The first firm evidence has emerged that the bio-tech food revolution is in retreat in its heartland - the vast cornfields of the American Midwest where the overwhelming bulk of the world's genetically engineered crops are grown.
US farmers have just finished buying seed for the coming growing season, and early studies suggest that a significant proportion are abandoning GM.
A market survey reveals that US farmers plan to plant 16% less genetically modified (GM) corn than they did last year.
The nationwide survey by the American Corn Growers Association (ACGA) lends support to claims to be published today by the Worldwatch environmental group that the global acreage of all GM crops (mainly corn and soybeans) could fall by up to 25% compared with last year.
Though sales of GM soybeans appear to be holding at last year's levels -- more than half the total soybean crop -- the rapid fall-off in demand for GM corn seeds represents a severe blow to the GM industry at its American core. The mass defection from GM seed will hit an industry already beset with consumer scepticism abroad, and falling stock prices on Wall Street.
Most US market analysts questioned this week doubted that the GM slump would be as pronounced as Worldwatch - a Washington-based environmental watchdog - is suggesting. Even though no clear scientific evidence has so far surfaced proving GM crops are harmful, farmers are increasingly uncertain whether they will be able to sell their bio-tech harvest to a world concerned about its long-term health and ecological impact.
"The doubts are spreading like wildfire," Gary Goldberg, ACGA's chief executive officer, said. "Farmers don't know if they're going to have a market next week."
Producers' concerns were deepened this month when Frito-Lay, a giant producer of corn snacks and other convenience foods, told its suppliers that it would not be buying GM corn this year. Seagram, one of the world's largest distillers, made a similar announcement within a few days. The European Union imposed a two-year moratorium on new GM im ports last summer and in January an international "biosafety protocol" meeting in Montreal agreed that all exports of GM food products should be labelled.
In a statement to be issued today Brian Halweil, a Worldwatch researcher, said: "If more American manufacturers hop on the bandwagon, the drop in demand would be devastating for transgenic (GM) growers and seed producers."
US growers are already feeling the pinch. Steve Mattis, an Illinois farmer and seed dealer, told the Guardian yesterday that while his customers were still buying soybean seed in about the same quantities as last season, demand for GM corn seed was down by 75%.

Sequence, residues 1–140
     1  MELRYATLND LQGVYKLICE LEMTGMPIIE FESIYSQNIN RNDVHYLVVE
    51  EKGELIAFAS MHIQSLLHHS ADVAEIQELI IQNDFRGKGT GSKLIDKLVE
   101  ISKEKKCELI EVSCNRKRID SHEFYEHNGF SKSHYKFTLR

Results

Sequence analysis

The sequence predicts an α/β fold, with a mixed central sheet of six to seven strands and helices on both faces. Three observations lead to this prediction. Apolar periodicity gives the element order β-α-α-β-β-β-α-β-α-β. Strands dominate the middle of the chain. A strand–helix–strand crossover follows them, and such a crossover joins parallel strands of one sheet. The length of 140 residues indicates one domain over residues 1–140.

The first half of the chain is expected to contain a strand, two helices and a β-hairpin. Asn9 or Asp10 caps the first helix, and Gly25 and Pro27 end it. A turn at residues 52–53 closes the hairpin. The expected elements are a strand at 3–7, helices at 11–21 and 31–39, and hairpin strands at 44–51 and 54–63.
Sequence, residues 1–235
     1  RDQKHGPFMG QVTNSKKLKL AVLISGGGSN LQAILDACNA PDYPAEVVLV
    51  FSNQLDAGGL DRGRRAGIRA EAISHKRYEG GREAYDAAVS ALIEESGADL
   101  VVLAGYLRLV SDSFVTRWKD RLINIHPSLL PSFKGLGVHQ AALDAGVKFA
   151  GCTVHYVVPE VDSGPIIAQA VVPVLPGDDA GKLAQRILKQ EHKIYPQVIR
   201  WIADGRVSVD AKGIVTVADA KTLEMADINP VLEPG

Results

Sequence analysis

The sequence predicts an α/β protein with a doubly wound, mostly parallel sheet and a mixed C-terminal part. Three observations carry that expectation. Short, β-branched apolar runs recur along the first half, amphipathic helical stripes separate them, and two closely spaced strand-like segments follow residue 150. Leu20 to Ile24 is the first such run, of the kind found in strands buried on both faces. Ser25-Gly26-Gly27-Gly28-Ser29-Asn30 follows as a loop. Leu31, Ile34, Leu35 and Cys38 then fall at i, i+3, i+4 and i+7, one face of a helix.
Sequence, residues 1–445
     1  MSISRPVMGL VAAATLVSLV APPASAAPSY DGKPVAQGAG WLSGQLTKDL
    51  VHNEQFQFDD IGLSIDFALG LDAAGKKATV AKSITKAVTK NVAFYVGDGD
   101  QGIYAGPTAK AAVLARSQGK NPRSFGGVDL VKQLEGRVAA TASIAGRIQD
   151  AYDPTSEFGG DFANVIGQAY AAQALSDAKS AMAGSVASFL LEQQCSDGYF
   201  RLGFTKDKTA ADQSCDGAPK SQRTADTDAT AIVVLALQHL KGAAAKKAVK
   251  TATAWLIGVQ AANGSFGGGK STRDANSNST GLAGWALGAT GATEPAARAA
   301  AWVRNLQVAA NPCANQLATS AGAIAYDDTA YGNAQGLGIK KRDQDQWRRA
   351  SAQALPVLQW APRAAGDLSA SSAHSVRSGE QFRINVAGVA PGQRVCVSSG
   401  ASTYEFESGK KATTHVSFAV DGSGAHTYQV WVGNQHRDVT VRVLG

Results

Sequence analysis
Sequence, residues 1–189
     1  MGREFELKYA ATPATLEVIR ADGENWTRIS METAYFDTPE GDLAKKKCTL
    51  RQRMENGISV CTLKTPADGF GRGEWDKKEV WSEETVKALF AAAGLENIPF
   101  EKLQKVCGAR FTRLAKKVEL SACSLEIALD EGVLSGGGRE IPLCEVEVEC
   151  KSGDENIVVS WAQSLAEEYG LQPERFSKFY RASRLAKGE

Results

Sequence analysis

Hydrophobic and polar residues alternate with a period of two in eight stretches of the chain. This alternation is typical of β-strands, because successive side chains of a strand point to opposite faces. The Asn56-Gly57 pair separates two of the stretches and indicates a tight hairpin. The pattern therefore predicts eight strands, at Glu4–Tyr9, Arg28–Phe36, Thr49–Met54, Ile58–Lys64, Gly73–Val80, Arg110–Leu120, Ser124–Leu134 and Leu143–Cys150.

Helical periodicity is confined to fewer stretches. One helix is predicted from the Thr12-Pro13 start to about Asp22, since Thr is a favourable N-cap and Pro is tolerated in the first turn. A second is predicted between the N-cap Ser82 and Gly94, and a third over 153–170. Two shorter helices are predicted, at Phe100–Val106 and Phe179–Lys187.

"There will be very, very little corn being planted around here," Mr Mattis said. "The corn elevators [the wholesale markets] are highly recommending that we don't plant it."
The Midwest slump has come despite a determined attempt by big GM producers such as Monsanto to shore up their share of the market. Monsanto representatives have appeared on television commercials to insist that the elevator operators will buy the harvested crop this autumn.
Monsanto GM brands such as BT corn (genetically modified to produce its own insecticide) and Roundup Ready (engineered to survive Monsanto's all-purpose weedkiller) are being offered at discount prices in Illinois, according to Mr Mattis.
Dean Urmstron, a representative of the seed industry lobby in Washington, said it was too early in the season to judge the market accurately and argued that the soybean market appeared to be "ahead of last year".
But Mr Goldberg said he was confident the ACGA survey was an accurate portrayal of the market. It surveyed 582 farmers and initial results suggested that 35% have concerns about planting GM crops. Of them, 82% questioned their marketability.
At his 600-acre farm in western Virginia, Wade Louthan said he had decided not to plant any GM corn this year, and to stop growing Roundup Ready soybeans.
"Not this year," the 37-year-old Virginian said. "You boys [in Europe] have got us scared."
Interviews with farmers across the country suggested that while many felt the European consumer response to GM foods was not entirely rational, there was growing resentment at what are seen as heavy-handed marketing techniques of the GM companies.
Mr Mattis said: "I've been a seed dealer for Monsanto for 18 years and this is the year we are going to have to part ways. They've forgotten that they have to serve farmers. I don't think they care who we've got to grow for. They're just concerned with making a fast buck."
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